As shared, open, peer-learning spaces, they enable use of shared access to equipment, along with the potential for expanding this more widely into the community via initiatives such as tool/equipment libraries.
These spaces also provide opportunities for fix-it clinics/repair cafes and other initiatives that promote the circular and collaborative economies — reusing, repairing and fixing things, and transmitting the knowledge of how to do so.
Digital fabrication techniques - which are often a key element of these spaces - enable productive activity with more precision in the use of materials, creating less waste that needs to be salvaged in the first place. The ability to design to order, customise, and produce in small batches also avoids the wasteful over-production aspects of existing manufacturing.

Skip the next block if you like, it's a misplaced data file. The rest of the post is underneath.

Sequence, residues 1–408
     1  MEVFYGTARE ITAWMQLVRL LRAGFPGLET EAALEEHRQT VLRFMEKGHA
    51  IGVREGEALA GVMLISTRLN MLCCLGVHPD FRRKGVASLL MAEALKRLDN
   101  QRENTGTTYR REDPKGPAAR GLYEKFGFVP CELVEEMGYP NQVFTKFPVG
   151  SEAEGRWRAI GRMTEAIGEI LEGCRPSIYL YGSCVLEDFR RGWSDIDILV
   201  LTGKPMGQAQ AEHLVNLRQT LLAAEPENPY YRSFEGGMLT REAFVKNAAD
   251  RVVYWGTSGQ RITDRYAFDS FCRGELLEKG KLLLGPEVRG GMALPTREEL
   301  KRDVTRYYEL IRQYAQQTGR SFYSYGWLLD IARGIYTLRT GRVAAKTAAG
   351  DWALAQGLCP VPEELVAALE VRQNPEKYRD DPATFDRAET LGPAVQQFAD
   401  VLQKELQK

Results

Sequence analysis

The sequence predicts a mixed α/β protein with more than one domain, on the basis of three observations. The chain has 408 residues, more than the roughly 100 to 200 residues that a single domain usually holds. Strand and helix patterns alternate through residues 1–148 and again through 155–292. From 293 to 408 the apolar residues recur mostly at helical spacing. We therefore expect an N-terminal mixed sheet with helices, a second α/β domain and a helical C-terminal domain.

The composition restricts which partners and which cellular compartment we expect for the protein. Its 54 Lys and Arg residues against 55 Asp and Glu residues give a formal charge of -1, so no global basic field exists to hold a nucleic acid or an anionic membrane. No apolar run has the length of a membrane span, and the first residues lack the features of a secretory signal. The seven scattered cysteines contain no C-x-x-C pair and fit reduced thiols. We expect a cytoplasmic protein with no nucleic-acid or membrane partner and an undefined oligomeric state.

At the other end of the materials life cycle, digital fabrication techniques in workshops
offer new opportunities such as RecycleBots, FilaBots and
(itself an open source machine that can be fabricated in a makerspace) devices for converting
3D printer and other plastic waste into new filaments for reuse of plastics as 3D printer ‘ink’.
In their operations, these workshops can also be exemplars of source-separated waste and recycling systems and resource management focused waste contracts, which reward service providers for how much material they recycle, rather than just a fee for emptying bins.